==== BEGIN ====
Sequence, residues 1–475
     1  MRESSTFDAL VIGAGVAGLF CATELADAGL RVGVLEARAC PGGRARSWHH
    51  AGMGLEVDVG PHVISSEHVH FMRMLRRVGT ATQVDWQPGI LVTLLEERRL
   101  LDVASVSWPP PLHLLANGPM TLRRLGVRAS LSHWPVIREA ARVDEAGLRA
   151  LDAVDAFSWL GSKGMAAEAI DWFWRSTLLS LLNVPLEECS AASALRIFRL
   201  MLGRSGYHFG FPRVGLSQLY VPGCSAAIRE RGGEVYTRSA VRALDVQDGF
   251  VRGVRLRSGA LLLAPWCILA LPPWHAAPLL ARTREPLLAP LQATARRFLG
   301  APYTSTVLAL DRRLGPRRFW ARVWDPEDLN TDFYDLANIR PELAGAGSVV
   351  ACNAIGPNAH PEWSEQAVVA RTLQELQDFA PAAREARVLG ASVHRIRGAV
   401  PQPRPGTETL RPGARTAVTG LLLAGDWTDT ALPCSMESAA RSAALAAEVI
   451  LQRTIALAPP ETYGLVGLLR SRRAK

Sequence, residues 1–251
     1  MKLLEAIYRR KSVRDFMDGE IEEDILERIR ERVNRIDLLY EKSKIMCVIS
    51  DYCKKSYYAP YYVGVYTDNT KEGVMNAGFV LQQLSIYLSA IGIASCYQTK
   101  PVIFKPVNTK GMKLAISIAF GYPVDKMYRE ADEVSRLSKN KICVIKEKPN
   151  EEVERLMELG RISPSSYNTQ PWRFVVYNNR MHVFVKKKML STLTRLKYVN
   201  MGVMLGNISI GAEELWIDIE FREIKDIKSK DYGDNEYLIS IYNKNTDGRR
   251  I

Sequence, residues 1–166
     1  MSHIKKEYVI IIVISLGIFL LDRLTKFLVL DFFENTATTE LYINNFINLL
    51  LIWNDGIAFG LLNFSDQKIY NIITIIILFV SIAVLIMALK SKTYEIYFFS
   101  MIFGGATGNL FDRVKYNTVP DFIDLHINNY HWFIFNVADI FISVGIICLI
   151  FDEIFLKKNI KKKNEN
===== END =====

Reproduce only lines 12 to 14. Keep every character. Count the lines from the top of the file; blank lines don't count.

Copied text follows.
Sequence, residues 1–251
     1  MKLLEAIYRR KSVRDFMDGE IEEDILERIR ERVNRIDLLY EKSKIMCVIS
    51  DYCKKSYYAP YYVGVYTDNT KEGVMNAGFV LQQLSIYLSA IGIASCYQTK